MALE—Length 6 mm.; black; length of face considerably greater than distance between eyes above; eyes slightly convergent below; clypeus, except apical margins laterally, mandibles, and triangular lateral face marks yellow, the labrum black, lateral maculae terminating on eye margin slightly above upper margin of clypeus; cheeks slightly narrower than eyes; process of labrum quadrangular, considerably broader than long, apical margin truncate; facial foveae quite deep and distinct, terminating considerably above level of antennae; space between margin of vertex and lateral ocelli slightly less than distance between these ocelli; median segments of flagellum about as broad as long; punctures of head rather fine, but deep and distinct, close above antennae, somewhat more distinctly separated below antennae where surface is shining, vertex laterally and cheeks subrugose; pubescence of head and thorax extremely short, thin and obscure, entirely pale, visible only at certain angles on dorsum of thorax, but hind margin of pronotum and tubercles with a quite dense fringe of short, scale-like tomentum; tubercles ferruginous; tegulae ferruginous-hyaline; wings subhyaline, strongly violaceous, veins testaceous, stigma somewhat more brownish, second recurrent vein entering second submarginal cell much nearer apex than first does to base; tarsi and spurs yellow; femora dark with yellow tips, front tibiae reddish-yellow anteriorly, dark posteriorly, the mid and hind tibiae largely dark, narrowly yellow at base and apex; puncturation of dorsum of thorax fine, close and deep, but distinct, that of scutellum slightly coarser than on scutum, pleura posteriorly more tessellate, with only a few scattered obscure punctures, becoming rather coarsely and shallowly punctate anteriorly and below; apical margins of abdominal terga rather narrowly and evenly depressed, these areas very minute ly and closely punctate, somewhat reddened, discs very closely and finely punctate, punctures becoming slightly more distinct toward depressed margins; abdominal pubescence extremely short, thin and obscure, entirely pale, sternum 6 with a deep, triangular, median emargination; wings of sternum 7 rather narrow, the tips somewhat reflexed, subacute, bearing a small tuft of short setae; apical process of sternum 8 elongate, narrow, somewhat constricted just before the apex which is rather broadly truncate and bears a dense fringe of very short setae; gonostyli rather elongate, slightly expanded toward apex, tips obliquely flexed toward median line where they nearly meet, with a quite dense fringe of setae toward the tips beneath; penis valves very slender, simple, not quite attaining tips of gonostyli.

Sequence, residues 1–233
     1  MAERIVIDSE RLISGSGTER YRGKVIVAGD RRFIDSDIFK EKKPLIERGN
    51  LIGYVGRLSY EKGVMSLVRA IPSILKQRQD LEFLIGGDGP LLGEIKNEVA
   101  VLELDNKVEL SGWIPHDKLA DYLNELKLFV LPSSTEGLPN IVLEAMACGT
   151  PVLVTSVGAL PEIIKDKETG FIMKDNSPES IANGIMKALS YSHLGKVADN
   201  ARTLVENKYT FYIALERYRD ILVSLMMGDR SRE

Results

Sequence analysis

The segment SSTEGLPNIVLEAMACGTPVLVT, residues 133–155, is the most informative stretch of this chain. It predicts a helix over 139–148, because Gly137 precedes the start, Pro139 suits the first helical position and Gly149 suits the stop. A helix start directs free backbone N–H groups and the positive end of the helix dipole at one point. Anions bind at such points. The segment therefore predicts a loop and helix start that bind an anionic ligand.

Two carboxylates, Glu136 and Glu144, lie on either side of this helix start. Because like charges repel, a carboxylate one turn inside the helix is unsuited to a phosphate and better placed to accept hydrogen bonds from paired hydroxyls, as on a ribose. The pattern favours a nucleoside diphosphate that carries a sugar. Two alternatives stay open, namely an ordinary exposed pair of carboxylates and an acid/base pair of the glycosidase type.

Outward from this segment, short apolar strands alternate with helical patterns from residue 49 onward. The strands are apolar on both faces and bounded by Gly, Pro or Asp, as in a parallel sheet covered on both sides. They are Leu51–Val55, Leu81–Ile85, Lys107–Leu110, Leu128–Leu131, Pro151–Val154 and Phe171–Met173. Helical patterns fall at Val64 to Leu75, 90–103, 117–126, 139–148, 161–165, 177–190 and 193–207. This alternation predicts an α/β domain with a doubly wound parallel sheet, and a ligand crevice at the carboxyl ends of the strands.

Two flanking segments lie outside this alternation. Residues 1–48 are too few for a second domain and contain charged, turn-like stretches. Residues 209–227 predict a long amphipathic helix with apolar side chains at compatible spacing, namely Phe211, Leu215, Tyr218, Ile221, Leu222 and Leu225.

DISTRIBUTION—Missouri, Illinois and North Carolina; June to September.

FLOWER RECORDS—The type series of P. gerardiae was collected on Gerardia tenuifolia. Robertson (1922 and 1929) records parvus on Aster, Eulophus, Geranium, Gillenia, Monarda, Solidago and Thaspium. Some of Robertson’s records, however, may refer to P. pauper Cresson.

The evidence indicates that Robertson failed to distinguish between two closely related species, the one he described as parvus and that described by Cresson as pauper. Crawford based his determinations on specimens identified by Robertson, but apparently did not see the type series of parvus. The writer has seen the lectotype of parvus and found it to agree with gerardiae rather than with pauper.


Names
Scientific source:

Supported by

Hosts · map
FamilyScientific name @ source (records)
Asteraceae  Centaurea jacea @ AMNH_BEE (3)

Cirsium undulatum @ AMNH_BEE (7)

Erigeron philadelphicus @ AMNH_BEE (2)

Lactuca pulchella @ AMNH_BEE (2)
Brassicaceae  Sinapis arvensis @ AMNH_BEE (1)
Fabaceae  Dalea purpurea @ AMNH_BEE (1)
Lamiaceae  Agastache @ AMNH_BEE (2)

Monarda fistulosa @ AMNH_BEE (7)
Scrophulariaceae  Agalinis tenuifolia @ AMNH_BEE (6)

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Updated: 2018-08-16 14:34:16 gmt